Let's talk about Bucepalandra species!

Bringing Bucepalandra in a conversation is like opening a can of worms. This family has a lot of different species and each has its own separate set of requirements. This plant family is so like Anubias in many ways but the similarities vanish once hardiness and ease of care is discussed. Some Bucepalandra species melt when out under intense lighting. Some require slightly softer and acidic water. Some require neutral PH. It really depends on the species. To generalize this plant family’s care like what is normally done with Anubias and Java Ferns would be a very big mistake. It would be wise to approach care for this plant like caring for Rotalas: Some are relatively easy to care for and some are just generally difficult to care for.


Bucepalandra are found in the forest streams of Borneo and neighboring countries. It only requires minimal lighting for it to flourish. It will show more vibrant colors when fully adopted to a brighter submersed setup though. Unlike Anubias, Bucepalandra boasts a ray of colors ranging from purple, olive green, pink to red. 


These plants will generally display an overall healthy, vigorous appearance when supplemented with CO2. Some would advise to treat Bucepalandra like Anubias when it comes to CO2. While this would be generally true with most common Bucephalandra species, it does not apply to every species. CO2 supplementation in general would always be dependent on the intensity of the light being provided in the aquarium.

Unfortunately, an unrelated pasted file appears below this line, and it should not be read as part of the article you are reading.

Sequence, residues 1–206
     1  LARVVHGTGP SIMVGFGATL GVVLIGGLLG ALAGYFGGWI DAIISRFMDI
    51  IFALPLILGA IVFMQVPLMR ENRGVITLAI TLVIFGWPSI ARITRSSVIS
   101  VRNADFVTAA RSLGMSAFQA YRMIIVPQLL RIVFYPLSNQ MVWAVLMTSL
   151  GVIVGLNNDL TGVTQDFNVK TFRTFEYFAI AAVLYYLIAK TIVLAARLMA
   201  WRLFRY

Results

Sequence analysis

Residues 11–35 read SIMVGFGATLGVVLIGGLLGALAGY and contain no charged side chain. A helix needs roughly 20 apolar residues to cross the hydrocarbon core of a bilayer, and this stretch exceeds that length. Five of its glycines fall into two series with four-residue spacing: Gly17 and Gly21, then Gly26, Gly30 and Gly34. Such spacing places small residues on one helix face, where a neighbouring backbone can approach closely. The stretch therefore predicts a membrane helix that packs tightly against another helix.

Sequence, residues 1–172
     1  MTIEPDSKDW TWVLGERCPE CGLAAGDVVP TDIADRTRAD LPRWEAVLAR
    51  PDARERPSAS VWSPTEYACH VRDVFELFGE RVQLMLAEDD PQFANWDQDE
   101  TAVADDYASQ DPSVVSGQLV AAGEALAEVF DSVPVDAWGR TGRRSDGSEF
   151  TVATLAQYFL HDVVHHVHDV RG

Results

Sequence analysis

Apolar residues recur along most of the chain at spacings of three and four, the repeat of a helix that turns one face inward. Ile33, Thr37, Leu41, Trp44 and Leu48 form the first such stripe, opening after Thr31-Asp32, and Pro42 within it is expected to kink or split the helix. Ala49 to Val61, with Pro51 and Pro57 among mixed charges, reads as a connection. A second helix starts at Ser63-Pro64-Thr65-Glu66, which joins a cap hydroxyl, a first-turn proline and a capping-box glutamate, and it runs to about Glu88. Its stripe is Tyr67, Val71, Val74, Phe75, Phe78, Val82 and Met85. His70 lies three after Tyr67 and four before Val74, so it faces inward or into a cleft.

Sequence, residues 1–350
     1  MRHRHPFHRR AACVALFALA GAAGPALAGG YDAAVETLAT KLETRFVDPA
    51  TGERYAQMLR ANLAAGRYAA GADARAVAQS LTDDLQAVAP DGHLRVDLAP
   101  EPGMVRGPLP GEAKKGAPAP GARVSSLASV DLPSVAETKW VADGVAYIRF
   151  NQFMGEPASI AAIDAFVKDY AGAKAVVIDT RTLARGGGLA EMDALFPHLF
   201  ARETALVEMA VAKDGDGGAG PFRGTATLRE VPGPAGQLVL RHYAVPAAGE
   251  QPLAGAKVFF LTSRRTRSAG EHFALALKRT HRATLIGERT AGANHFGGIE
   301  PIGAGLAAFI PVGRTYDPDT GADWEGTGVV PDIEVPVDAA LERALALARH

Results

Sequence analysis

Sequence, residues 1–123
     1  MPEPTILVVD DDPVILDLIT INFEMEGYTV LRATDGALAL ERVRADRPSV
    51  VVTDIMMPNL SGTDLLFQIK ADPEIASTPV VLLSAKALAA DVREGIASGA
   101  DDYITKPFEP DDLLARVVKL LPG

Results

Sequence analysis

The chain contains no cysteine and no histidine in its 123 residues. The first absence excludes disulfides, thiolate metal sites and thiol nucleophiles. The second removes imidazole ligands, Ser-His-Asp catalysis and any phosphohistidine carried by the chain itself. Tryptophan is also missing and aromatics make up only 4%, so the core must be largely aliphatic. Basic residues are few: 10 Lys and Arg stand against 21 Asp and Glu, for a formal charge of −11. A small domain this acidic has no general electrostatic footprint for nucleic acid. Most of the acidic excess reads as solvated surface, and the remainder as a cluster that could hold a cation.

Water Parameters

Keep Bucepalandra in neutral Ph water with TDS of anywhere from 120-150ppm. This will ensure that CO2 saturation is at maximum.

Planting and placement

Accent! Definitely Accent. Its unique leaf shape, color and overall texture will definitely garner enough attention. Tie or glue Bucephalandra to driftwood or rocks. Do not bury the rhizomes otherwise this plant will definitely rot. 

These plants have a reputation of melting when transitioning from emersed to submersed environment. If this happens check the rhizomes. If the rhizome is intact then chances are the plant is ok and is just trying to replace its leaves with the submersed form. So do not throw away the Bucephalandras that have melted its leaves.



These plants are generally very slow growers, not a lot of trimming is required. Some varieties and species of these plants are very expensive and rare. Do not trim like trimming regular stem plants. Cut individual rhizomes which are no longer needed. 

Some species would appreciate regular dosing of micro and macro fertilizers. Some species may not require it while some absolutely need regular dosing.